Meal for two (with wine): £120
Signature dish: Sheekey’s Fish Pie
What to drink: Vintage Krug
33-35 St Martin’s Court, Covent Garden, WC2, jsheekeyatlanticbar.co.uk
Casanova, a man of many appetites, was reputed to breakfast on 50 oysters a day to boost his legendary libido. Latter-day libertines can test these claims at Chiltern Firehouse, owned by hip hotelier Andre Balazs, where the oyster cart, manned by in-house expert Bobby Groves, takes pride of place throughout the season. Oysters, from the regularly rotating line-up are sold singly so one can conduct a gastronomic tour of the British Isles from West Mersea to Whitstable and down to the Teign Estuary in Devon in a single session. The connoisseur’s choice is natives from Loch Ryan, whose oyster beds date back to 1701. The best way to savour their creamy flesh and nutty depth of flavour is with no more than a drop or two of lemon, some Coombeshead Farm sourdough and a glass of crisp Bordeaux Blanc. For a modern spin, try Pacific (rock) oysters from Devon with Japanese-influenced shiso granita or ponzu sauce.
Elsewhere on the menu, executive chef Nuno Mendes has reimagined the classics, adding an American spin, with fish and seafood often taking centre stage. Dishes such as red prawn ceviche and native lobster tacos are stalwarts, while the feather-light crab donuts have become the stuff of legend. So, too, the oh-so-moreish black truffle and cheese fries.
Meal for two (with wine): £160
Signature dishes: Chiltern “Fruits de Mer” – cherrystone clams, rock oysters, Isle of Mull scallops, carabineiro prawns, tuna sashimi and Isle of Barra clams
What to drink: The “Mary Celeste”, a Bloody Mary variant with Tanqueray Ten Gin, mignonette and, of course, oyster
1 Chiltern Street, Marylebone, W1, chilternfirehouse.com
Wiltons of Jermyn Street, the 277-year-old favourite of politicians (awarded a prestigious “Green Plaque” in recognition of its contribution to Westminster life), remains blissfully unchanged. To dine here is to take a journey back in time. Such correct but unfailingly charming hospitality is almost impossible to find elsewhere. While we don’t actually have a fleet of waiters all to ourselves, it somehow feels as if we do.
The kitchen shines in autumn, as it celebrates the joyous synchronicity of the seasons, as native oysters and feathered game arrive in tandem. While it may be courting gout to indulge too frequently, it’s hard to say no to a half dozen Loch Ryan oysters and traditionally garnished roast grouse. Wiltons is a kitchen run without ego, where the guest comes first, hence its impressive range: Scottish lobster, for example, comes grilled, cold, Thermidor or Newberg, while Dover sole is grilled, à la meunière or in goujons. Opportunities to explore the bountiful British larder are plentiful. Oyster virgins can take the plunge with cooked oysters “Rockefeller” (baked and breadcrumbed) or “Beau Brummell” (fried with chilli); and oft-overlooked classics such as beef consommé, sole “Véronique” and Scotch woodcock are ripe for rediscovery. The wine cellar is similarly “old school”, Champagne, Burgundy and Bordeaux being particularly well represented.
Wiltons holds an oyster masterclass on the first Monday of every month from September. What head oysterman Filippo Salamone doesn’t know about oysters isn’t worth knowing.
Meal for two (with wine): £250
Signature dish: Dressed crab; Scottish lobster cocktail; roast beef from the carving trolley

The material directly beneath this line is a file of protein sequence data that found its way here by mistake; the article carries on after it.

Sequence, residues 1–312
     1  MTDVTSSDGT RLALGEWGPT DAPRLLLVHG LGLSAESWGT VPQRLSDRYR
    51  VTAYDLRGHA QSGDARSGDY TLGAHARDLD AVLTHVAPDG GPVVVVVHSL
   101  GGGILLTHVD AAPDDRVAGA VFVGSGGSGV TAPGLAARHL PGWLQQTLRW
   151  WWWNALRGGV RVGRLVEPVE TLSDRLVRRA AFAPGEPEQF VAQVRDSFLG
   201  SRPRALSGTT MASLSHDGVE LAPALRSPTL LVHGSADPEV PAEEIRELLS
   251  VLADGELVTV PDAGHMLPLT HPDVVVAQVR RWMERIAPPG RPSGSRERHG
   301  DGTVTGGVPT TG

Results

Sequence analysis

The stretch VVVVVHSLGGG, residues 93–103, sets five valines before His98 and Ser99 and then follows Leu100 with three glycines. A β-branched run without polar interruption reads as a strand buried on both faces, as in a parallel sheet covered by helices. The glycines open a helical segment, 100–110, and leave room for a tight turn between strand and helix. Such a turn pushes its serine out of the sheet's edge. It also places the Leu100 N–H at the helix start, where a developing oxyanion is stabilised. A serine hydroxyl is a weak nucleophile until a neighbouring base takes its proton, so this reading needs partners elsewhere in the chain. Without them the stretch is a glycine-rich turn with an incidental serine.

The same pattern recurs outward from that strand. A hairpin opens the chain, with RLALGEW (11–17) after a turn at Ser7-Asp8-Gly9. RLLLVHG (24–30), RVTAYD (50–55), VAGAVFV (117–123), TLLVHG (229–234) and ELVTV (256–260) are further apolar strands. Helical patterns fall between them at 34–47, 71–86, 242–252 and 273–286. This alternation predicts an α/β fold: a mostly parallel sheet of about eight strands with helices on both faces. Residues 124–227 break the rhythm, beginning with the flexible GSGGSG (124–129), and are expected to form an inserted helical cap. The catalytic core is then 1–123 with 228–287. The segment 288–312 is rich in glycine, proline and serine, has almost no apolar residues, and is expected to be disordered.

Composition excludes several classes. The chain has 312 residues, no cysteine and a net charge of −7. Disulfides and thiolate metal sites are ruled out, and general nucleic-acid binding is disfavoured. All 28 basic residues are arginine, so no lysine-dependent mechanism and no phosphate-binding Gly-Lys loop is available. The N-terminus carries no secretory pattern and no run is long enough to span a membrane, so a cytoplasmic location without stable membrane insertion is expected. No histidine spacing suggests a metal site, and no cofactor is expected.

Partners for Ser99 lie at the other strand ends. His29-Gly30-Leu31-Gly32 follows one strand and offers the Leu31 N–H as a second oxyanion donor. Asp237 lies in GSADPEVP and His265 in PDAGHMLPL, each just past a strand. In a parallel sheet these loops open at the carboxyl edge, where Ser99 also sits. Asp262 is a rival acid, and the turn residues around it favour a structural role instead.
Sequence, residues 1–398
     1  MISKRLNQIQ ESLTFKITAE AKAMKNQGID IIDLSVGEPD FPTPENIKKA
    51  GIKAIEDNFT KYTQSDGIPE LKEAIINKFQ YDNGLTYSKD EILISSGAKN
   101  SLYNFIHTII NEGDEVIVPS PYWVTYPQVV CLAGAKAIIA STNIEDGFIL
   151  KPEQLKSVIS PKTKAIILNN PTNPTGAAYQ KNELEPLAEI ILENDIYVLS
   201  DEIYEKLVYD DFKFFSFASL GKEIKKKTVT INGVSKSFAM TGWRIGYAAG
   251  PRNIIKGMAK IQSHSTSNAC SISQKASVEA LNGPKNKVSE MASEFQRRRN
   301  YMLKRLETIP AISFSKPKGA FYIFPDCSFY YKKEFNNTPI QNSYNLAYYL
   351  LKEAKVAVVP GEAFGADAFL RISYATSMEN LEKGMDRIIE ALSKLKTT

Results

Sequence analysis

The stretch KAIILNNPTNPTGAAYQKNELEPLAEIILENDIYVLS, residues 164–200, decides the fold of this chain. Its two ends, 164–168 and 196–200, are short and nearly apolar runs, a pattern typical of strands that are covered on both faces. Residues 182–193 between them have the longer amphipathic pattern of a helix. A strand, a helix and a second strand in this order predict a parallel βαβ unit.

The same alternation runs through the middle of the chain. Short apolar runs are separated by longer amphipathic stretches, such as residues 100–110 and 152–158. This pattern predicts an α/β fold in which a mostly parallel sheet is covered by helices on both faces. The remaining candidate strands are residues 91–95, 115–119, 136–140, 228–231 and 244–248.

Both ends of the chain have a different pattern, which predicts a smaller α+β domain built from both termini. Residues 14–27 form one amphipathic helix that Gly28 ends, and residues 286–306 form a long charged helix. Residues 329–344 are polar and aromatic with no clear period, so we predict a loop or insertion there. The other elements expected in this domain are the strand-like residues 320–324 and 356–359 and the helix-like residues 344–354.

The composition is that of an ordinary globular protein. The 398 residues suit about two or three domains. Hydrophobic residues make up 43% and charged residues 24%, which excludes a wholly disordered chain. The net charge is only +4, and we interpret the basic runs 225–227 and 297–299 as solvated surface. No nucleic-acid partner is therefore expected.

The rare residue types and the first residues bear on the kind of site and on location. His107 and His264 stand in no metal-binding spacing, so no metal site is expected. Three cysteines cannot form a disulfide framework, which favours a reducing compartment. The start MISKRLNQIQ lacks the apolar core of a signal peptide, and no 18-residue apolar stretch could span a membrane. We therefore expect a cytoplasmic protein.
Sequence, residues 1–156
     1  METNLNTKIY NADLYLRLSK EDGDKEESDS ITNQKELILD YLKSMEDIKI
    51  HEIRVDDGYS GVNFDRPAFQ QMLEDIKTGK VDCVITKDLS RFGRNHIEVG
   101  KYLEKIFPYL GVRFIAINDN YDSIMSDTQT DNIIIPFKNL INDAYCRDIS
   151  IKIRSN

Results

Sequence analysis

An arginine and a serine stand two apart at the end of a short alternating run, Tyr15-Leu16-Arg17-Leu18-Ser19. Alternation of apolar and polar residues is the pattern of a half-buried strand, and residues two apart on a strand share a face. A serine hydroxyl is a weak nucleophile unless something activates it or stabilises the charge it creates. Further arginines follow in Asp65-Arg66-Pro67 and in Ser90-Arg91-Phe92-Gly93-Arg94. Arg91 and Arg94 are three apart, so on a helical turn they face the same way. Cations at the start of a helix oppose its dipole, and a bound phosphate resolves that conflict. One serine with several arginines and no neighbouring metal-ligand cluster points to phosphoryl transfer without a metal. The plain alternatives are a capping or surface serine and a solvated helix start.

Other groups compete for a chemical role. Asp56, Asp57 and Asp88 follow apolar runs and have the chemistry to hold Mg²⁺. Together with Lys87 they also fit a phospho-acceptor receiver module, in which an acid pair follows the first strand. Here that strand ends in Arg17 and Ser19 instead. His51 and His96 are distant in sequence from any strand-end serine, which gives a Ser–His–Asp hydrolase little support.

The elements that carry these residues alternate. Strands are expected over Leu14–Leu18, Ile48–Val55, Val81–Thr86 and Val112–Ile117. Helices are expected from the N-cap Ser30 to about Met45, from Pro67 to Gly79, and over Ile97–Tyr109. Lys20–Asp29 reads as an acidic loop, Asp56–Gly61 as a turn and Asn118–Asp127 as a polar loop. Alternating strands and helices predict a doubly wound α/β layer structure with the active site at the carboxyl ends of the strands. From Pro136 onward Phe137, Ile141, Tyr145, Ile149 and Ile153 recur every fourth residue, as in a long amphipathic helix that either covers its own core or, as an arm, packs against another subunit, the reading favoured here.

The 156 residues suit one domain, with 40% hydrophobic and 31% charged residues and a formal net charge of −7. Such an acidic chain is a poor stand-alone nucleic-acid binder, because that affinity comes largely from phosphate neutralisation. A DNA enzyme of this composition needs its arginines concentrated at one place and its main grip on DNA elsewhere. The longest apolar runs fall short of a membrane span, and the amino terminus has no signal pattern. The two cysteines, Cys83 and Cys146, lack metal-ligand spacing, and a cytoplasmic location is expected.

What to drink: Wilton’s “275th Anniversary Special Cuvée” Champagne
55 Jermyn Street, St James’s, SW1Y, wiltons.co.uk
Not all seafood restaurants are hooked on classics. At the Savoy Hotel, the 130-year-old grande dame’s Art Deco-style restaurant and oyster bar, Kaspar’s, takes provenance and seasonality as the starting point for a menu informed but never bound by tradition. We begin with “Best of the Seas” from the seafood counter, a marine journey that takes us from the British coastline for hand-dived Scottish scallops, oysters and sweet Cornish crab to the Bering Sea for its prized king crab and the Mediterranean for rosy pink prawns. The kitchen’s creative streak is foregrounded in intermediate dishes such as smoked salmon tartare, dramatically paired with charcoal melba toast and keta caviar and the signature hen crab and lobster bisque with a judicious hint of Espelette pepper for piquancy. There’s a technical twist to a clever “principal” dish of North Atlantic halibut in the form of its own lightly smoked roe and burnt mussel fumet.
For the true grill experience, as befits the chic chequerboard-floored, silver-leaf-ceilinged space, look to stellar ingredients such as Brittany poussin, Isle of Harris lobster and Newlyn Dover sole cooked over the lava stone grill. From a choice of “timeless sauces” we take lemon hollandaise and shellfish nage with the lobster, ringing the changes from one of Kaspar’s “sides of the moment”, heavenly truffle-laced pomme purée.
Meal for two (with wine): £200
Signature dishes: Cornish hen crab and native lobster bisque
What to drink: Sir Winston Churchill’s preferred Champagne – Pol Roger
Bentley’s iconic oyster signage shines down on Swallow Street, stopping me in my tracks as I scuttle between Piccadilly and Regent Street. Oh go on then, a few oysters at this 103-year-old establishment won’t hurt. Irish chef Richard Corrigan’s oyster bar and grill seems to inspire spontaneity. As luxurious pick-me-ups go, it doesn’t get much better than a seat at the cool marble counter, a chat with the shuckers and a glass from the Champagne bottle on ice at the bar.
The oyster selection is as strong as ever. Natives Loch Ryan and West Mersea No.2s, alongside rocks from Carlingford, Jersey, Achill and Dorset, are deftly prised open by the fastest shuckers in town (Bentley’s Federico Fiorillo is the reigning British Tabasco Oyster Opening Champion). Purists argue that oysters should be eaten au naturel with a few drops of lemon – mignonette if you must – but maybe they haven’t tried Bentley’s moreish Vietnamese oysters spiked with chilli, ginger, lime and fish sauce.
Look out for Bentley’s oyster masterclasses (£65) this year, an education in shucking, serving and tasting these moreish, mineral-rich molluscs. The wise student will stay behind after class for further education at the bar. Top marks.